Now, this week’s topic… pain into growth. I’ve been thinking about it all week. The passage in the book clearly identifies the differentiating factor between an experience being just painful and one leading to growth – humility. If I have humility, I can grow from an experience. If I don’t have it, I simply get pain.
Why is that? I think it’s because humility means acknowledging that I may not be right (!) and therefore I become teachable. I don’t know it all and I’m not defending my stance… pride means losing face if I am forced to acknowledge I’m wrong so I’ll fight that with all I have.
Personally, I am quite comfortable acknowledging to other people that I may be wrong about things. It’s to *myself* that it’s harder. I can play mind games ad nauseum to convince myself that my way of doing it is not actually not working, it’s just this tweak or that tweak I need to make!
This is where the passage speaks of “a wealth of wisdom and support in this fellowship”… I get it wrong and with pride I try to twist my mind into believing I’m not wrong, but my sponsor lovingly points out issues when I’d rather shut my eyes to them. Others in the fellowship have experienced similar things to whatever I go through and I can ask them for their wisdom and support. A good example of this is that last month, I found myself chewing gum like it was going out of fashion – with all the nasty side effects that produces. For a time, I tried to convince myself it was going to be OK. No problem. It’s not forbidden. But eventually it became bad enough to make me willing to ask for help, and lo and behold – others had experienced the same thing, they told me what they’d done, their experiences. And I was not only encouraged by their support, but I learned from their wisdom too and have simply quit gum now. As with so many things, simply not having it IS the easier, softer way.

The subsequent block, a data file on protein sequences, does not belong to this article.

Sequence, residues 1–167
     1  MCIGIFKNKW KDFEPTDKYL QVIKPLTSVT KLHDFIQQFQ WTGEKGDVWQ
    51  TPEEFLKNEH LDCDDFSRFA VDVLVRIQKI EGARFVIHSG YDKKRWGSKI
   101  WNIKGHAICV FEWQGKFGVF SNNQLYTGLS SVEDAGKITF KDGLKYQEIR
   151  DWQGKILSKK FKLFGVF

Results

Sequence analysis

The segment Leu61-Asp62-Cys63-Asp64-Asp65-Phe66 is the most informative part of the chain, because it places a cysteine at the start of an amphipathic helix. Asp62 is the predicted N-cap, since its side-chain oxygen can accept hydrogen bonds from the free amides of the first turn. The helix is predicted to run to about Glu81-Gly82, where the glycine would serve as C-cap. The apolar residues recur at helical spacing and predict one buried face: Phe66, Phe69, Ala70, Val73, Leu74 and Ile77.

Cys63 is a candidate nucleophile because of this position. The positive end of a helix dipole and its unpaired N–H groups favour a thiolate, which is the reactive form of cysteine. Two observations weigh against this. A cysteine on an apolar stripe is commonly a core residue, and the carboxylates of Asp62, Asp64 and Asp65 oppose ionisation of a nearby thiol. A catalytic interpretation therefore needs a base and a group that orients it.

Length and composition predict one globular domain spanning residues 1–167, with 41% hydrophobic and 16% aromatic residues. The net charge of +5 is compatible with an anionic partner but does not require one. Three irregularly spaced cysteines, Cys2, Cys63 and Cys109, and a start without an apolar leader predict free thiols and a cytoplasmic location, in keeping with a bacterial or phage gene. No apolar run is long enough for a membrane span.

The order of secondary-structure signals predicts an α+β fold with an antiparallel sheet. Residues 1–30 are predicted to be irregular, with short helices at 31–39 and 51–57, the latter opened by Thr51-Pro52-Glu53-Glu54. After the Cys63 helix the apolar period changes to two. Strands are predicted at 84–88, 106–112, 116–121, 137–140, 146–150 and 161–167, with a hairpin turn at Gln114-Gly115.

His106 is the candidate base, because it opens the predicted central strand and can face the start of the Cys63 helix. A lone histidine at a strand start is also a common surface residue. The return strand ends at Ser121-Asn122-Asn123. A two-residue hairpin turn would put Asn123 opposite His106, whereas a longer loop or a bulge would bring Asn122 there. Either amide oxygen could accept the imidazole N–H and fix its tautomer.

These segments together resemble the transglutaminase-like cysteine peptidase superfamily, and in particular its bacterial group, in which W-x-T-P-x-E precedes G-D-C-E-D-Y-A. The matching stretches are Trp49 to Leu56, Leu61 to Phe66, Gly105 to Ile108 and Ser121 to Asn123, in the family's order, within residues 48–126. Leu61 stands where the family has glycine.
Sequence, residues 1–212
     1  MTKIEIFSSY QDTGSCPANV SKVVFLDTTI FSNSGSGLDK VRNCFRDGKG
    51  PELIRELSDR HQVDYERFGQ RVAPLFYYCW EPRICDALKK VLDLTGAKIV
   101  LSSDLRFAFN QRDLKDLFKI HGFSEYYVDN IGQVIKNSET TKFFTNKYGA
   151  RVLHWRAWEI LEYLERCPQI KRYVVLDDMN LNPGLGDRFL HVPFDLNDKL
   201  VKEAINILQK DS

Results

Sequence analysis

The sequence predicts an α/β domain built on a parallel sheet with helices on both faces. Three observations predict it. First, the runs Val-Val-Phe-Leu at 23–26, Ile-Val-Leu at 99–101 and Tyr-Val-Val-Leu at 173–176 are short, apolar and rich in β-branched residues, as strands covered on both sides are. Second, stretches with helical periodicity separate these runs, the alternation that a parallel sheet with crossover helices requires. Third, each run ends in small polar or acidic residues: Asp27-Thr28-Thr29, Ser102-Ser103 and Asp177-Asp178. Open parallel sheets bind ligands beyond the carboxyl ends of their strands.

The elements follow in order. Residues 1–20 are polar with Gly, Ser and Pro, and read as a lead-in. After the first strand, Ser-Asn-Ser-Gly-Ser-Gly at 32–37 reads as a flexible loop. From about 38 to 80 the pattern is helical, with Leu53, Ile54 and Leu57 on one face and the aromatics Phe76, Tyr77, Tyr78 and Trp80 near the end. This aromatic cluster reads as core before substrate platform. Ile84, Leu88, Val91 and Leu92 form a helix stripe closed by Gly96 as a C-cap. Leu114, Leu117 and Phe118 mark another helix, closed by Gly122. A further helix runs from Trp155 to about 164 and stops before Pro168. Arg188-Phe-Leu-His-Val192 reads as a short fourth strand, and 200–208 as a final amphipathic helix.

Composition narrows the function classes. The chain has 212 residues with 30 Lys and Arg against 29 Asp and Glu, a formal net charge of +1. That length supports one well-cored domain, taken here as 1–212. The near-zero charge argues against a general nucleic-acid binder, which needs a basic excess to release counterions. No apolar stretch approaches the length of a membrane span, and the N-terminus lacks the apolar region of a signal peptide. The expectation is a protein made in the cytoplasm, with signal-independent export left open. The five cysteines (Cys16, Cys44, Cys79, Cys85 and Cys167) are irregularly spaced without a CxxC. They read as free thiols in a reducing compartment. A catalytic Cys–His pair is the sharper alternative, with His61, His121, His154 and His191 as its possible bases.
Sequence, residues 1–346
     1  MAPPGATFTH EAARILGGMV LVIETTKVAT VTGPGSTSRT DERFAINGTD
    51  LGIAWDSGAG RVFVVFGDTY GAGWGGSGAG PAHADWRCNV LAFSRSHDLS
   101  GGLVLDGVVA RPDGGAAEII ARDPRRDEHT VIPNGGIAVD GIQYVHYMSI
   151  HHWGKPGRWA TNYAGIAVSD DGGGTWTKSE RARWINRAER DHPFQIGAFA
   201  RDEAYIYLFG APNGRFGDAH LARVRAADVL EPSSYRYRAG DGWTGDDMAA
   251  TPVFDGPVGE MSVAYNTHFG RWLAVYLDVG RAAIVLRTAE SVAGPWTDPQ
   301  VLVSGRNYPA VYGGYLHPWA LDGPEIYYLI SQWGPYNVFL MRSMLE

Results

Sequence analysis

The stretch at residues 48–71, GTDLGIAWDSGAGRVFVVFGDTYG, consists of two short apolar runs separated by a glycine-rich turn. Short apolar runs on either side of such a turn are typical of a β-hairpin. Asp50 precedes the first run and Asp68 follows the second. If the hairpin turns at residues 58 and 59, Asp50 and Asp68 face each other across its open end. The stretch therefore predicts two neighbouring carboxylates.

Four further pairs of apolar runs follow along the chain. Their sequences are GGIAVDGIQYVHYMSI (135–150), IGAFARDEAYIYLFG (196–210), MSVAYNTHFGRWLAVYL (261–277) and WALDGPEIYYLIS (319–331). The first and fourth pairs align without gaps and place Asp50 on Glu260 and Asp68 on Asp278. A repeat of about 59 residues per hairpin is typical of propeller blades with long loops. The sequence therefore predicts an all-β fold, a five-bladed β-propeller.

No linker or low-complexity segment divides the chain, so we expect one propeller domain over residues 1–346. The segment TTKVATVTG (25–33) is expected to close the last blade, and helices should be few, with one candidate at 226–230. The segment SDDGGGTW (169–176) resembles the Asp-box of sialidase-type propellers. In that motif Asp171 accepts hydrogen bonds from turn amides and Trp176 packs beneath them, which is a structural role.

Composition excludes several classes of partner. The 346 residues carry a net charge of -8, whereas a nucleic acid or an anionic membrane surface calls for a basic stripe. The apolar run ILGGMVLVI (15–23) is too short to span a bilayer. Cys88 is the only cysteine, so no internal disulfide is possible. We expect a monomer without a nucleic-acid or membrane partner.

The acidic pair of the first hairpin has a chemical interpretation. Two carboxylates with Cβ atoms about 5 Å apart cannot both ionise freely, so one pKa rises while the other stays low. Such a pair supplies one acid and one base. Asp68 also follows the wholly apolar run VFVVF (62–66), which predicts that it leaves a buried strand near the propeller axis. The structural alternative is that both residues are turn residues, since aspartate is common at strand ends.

I’m an addict, and I can transfer that to anything. Food is down; gum is down; the next thing will certainly be pointed out eventually by my higher power, or by my sponsor or another person in the fellowship on behalf of my higher power. What I get from this passage is that navel-gazing and trying to identify such patterns in my own strength is not what Bill W. had in mind, but rather, a continuous attitude of humility that keeps me teachable so that when things are pointed out, I am able to learn rather than defend.